by Caitlin Seida from In The Cloud Copy
Those living with autoimmune disorders like uveitis and multiple sclerosis know all too well that the cells within our bodies meant to help us can also sometimes hurt us. While immunity – and why some peoples’ immune systems go into overdrive and start attacking their own bodies – is not completely mapped out, researchers are understanding more and more what’s at the root of the matter.
It’s not every day, however, that scientists discover cells that are known to cause harm may also actually be helping us, but that was exactly the find uncovered by a team of researchers and published in the July 15, 2020 issue of the medical journal Immunity.
The glycoprotein IL-17A, an interleukin signaling protein, has the job of rallying the body’s immune response. When IL-17A is activated, it ramps up inflammation within the body and brings other immune cells to the party.
Over the course of this study – and others – scientists looked particularly hard at lymphocyte T-cells labeled Th17. Th17 signals the body to create protein peptides that help modulate immune responses, known as cytokines. This, in turn, signals the body to bring more IL-17A to bear and increase the amount of inflammation seen within the body.
Researchers with the National Eye Institute uncovered that IL-17A doesn’t just cause an inflammatory response — it may also be responsible for limiting it. When calling upon past research that led to the use of IL-17A blocking treatments to help psoriasis, the group of researchers wondered why anti-IL17A treatments had success with that autoimmune disorder but not others, such as uveitis, multiple sclerosis, and rheumatoid arthritis.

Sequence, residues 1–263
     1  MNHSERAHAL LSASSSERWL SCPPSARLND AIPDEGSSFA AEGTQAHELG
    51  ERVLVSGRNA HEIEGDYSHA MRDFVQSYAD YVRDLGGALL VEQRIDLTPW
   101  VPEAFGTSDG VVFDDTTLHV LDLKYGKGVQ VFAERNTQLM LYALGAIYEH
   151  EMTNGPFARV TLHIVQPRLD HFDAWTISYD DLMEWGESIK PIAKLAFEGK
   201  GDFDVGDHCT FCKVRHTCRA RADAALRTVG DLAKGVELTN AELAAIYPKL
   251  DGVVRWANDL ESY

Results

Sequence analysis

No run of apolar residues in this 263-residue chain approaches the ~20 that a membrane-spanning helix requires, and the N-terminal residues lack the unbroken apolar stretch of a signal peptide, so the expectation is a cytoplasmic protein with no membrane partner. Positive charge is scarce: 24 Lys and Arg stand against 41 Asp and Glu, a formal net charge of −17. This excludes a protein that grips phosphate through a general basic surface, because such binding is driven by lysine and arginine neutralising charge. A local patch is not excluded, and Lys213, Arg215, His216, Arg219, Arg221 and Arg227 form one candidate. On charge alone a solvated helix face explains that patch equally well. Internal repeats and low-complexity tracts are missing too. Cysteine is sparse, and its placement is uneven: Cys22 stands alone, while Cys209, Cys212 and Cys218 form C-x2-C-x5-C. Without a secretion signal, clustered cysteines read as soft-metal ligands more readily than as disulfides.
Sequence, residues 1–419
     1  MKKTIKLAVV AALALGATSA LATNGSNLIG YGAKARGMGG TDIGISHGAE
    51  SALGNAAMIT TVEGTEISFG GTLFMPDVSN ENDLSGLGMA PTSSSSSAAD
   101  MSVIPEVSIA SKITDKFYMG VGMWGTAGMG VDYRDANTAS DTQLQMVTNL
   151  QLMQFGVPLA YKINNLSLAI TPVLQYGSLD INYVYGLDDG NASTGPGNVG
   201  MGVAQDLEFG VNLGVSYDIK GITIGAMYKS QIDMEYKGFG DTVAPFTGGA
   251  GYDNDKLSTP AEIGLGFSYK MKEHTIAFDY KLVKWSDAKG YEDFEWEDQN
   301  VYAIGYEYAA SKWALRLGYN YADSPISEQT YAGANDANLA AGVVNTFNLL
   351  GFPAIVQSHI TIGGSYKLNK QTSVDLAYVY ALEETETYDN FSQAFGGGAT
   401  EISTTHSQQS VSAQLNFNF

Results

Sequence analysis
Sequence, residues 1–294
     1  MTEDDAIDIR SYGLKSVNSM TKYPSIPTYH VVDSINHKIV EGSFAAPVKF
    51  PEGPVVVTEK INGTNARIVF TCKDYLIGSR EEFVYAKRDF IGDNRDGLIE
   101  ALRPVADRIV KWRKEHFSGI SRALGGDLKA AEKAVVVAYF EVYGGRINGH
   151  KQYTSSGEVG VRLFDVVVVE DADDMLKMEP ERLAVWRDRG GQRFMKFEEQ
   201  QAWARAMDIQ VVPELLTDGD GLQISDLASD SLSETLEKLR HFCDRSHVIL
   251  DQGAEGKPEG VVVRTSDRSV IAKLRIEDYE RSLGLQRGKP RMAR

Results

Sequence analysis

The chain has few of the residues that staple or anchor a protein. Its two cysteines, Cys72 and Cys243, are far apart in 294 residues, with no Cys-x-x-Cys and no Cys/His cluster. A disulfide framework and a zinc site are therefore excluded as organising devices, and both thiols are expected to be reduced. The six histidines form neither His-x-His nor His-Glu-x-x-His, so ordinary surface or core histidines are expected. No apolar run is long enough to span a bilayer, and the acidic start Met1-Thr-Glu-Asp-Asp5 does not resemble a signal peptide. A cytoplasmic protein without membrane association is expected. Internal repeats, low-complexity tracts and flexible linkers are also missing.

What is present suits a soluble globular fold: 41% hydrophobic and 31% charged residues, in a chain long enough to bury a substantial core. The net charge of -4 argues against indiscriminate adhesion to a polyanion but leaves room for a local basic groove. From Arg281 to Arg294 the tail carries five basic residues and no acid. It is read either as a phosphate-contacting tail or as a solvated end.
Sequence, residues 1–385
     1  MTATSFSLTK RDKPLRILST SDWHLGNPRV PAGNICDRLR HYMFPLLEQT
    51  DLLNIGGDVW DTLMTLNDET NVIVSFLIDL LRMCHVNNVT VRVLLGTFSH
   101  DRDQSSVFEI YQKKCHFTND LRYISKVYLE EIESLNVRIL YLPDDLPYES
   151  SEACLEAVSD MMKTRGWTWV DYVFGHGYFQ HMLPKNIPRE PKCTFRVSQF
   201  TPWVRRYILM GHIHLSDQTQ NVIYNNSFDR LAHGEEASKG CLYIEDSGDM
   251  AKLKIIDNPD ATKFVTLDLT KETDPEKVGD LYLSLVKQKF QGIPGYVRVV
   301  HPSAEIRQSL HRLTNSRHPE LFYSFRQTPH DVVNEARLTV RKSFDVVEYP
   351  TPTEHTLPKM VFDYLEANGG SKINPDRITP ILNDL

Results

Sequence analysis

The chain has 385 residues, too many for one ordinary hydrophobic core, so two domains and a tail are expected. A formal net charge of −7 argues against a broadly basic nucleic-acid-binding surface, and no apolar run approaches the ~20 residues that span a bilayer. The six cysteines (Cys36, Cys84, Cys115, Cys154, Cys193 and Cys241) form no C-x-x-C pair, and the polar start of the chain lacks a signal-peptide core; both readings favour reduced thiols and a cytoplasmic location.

How it Works
IL-17A causes the body to produce Th17, which causes the body to produce more IL-17A. It’s now noted that the IL-17A made by the T-cells helps limit the number of other cytokines produced as well as limiting the amount of IL-17A present by binding to the very receptors that cause it to activate within the body. When IL-17A meets Th17 in what is called a negative feedback loop or autocrine signaling, it brings on an anti-inflammatory signal from another cytokine, IL-24.
This reaction was previously seen in other cell types within the body in prior research, but not in these specific immune system cells. Because the pathways that cause autoimmune responses are not always fully understood, this finding is big news for the medical research community and may yield new treatments for those living with inflammatory neurological disorders.
So far, the research conducted by the National Eye Institute doesn’t provide any definitive answers for those living with autoimmune uveitis. It does, however, create a solid starting point for further studies. For example, the research from this latest study may be a key in figuring out why clinical trials that limit the action of IL-17A have so far lacked success. If anti-IL17A treatments are given, nothing stops the Th17 cells from rallying more cytokines and a larger inflammatory response. At the very least, nothing caused by this influx of cells is treated and at the very worst, conditions can potentially worsen.
Looking toward the future, researchers suggest that treatment targeting both IL-17A and IL-24 might be a possible avenue for treating uveitis and other nervous system autoimmune disorders. Clinical trials and further testing and research are needed to see what this finding yields that may be useful for those living with uveitis.
Learn more about this here.